That said, the Mets' quarters this weekend are significantly larger, nicer and more open than the visiting clubhouse in Tiger Stadium. When the Mets played there in 1997, Todd Hundley called it a slum, and he wasn't the first to do so. Bobby Valentine said the manager's office was too small to change clothes, so he stepped outside and used the old line, "So small, I couldn't change my mind, either."
John Franco is said to have told big Butch Huskey he could enter only if he removed his freckles.
"They take up too much room," Franco told the massive former Met. "Get rid of them or those shouders."
Powering up: The home runs David Wright and Carlos Delgado hit on Friday night in the Mets' 3-0 victory increased the franchise total of Interleague home runs to 198, the most by a National League team in the 10-plus seasons of Interleague Play. And Delgado's two RBIs on Friday increased to 135 the first baseman's career RBI total in Interleague competition. No other player has so many.
Like a 3-6-3 double play: The Mets' game in Philadelphia on July 1, originally scheduled for a 1:35 p.m. ET start, was first changed to 8:09 p.m. to accommodate ESPN. Now, it's been changed back to 1:35 p.m. because ESPN is no longer carrying it. As the TV folks say, "Stay tuned."
Booking it: The Mets selected Glen Johnson, the 18-year-old son of first-base coach Howard Johnson, in the First-Year Player Draft on Friday. He was the 1,106th player chosen. But young Johnson will stick to his plan to play baseball for Jacksonville University next year.
This date in Mets history -- June 10: Perhaps the brightest shooting star in the history of the franchise blitzed across the sky on this date in 1966. Dick Rusteck made his big-league debut a four-hit, one-walk, five-strikeout shutout of the Reds. Eddie Bressoud produced the sixth and final two-homer game of his career -- four of the others came in Fenway Parks as a member of the Red Sox -- as the Mets won, 5-0, at Shea Stadium. Rusteck, who developed elbow problems after the shutout, was rocked in his second start and ineffective in his third. There were no more. His big-league career lasted just eight games, all in '66. Footnote: In three big-league starts, Rusteck had five at-bats, four in that June 10th game.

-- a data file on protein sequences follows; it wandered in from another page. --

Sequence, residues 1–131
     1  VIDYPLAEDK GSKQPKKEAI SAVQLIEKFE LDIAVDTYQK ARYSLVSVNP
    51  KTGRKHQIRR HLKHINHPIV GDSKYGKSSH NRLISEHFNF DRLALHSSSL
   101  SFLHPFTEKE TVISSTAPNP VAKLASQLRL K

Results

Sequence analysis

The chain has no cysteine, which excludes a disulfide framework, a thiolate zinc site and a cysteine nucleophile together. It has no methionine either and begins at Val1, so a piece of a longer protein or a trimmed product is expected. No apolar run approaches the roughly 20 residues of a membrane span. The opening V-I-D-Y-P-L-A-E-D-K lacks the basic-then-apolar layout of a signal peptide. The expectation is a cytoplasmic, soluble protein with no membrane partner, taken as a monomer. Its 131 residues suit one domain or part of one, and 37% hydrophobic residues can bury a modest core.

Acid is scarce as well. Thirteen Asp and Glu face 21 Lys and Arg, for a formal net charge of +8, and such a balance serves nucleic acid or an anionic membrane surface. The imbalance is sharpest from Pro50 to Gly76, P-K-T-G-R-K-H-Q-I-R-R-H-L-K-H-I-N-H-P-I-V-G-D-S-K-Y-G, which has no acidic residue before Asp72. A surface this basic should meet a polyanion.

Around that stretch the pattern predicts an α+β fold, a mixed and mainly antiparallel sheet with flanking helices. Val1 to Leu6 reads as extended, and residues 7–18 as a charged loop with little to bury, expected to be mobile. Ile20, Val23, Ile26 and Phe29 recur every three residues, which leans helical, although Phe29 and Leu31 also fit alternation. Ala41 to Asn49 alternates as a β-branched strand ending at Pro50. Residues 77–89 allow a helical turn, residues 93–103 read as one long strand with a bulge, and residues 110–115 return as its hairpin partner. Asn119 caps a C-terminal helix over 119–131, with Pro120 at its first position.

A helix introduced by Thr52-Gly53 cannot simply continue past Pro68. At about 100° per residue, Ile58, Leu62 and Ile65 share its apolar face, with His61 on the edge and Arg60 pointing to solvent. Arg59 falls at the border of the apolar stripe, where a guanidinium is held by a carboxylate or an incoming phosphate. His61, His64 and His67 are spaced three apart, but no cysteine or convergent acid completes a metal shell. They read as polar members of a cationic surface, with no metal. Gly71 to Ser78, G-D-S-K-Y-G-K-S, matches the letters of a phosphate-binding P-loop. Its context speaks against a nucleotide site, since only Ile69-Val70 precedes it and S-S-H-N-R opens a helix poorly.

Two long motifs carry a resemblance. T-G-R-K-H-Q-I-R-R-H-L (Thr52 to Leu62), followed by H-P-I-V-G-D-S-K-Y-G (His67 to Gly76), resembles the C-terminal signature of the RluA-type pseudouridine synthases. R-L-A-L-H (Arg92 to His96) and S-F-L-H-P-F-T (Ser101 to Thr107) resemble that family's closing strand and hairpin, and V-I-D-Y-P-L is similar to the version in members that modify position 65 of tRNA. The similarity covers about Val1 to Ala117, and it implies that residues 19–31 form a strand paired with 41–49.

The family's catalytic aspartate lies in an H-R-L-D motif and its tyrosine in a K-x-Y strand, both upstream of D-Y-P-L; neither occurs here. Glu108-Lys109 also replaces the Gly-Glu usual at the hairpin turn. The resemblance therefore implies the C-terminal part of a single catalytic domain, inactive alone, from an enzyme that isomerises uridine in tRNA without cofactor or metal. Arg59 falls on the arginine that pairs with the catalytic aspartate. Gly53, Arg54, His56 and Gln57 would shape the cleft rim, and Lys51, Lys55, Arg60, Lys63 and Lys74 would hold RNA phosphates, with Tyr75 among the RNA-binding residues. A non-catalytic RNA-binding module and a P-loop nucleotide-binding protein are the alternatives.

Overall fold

Two years later, a pitcher with greater staying power tossed the third shutout of his career, as Tom Seaver beat the Dodgers in Los Angeles. He pitched 10 innings, as did losing pitcher Don Sutton, in the Mets' 1-0 victory. Oddly, Seaver struck out just two batters, eight fewer than Sutton. Seaver pitched 60 other shutouts in his Hall of Fame career, none with so few strikeouts.
In what stands as something of a connect-the-dots instance 40 years after the fact, Alay Soler made one of his eight appearances with the Mets and pitched an out-of-nowhere shutout against the Diamondbacks in Phoenix on this date last year. As had been the case with Rusteck, the Mets won, 5-0. Soler, released by the Mets and signed by the Pirates this spring, hasn't pitched in the big leagues this season.
Coming up: Tom Glavine seeks, for the fourth time, to earn the 296th victory of his career on Sunday afternoon at 1:05 p.m. ET. Glavine will be opposed by Detroit rookie Andrew Miller who will try, for the first time, to notch the second victory of his career.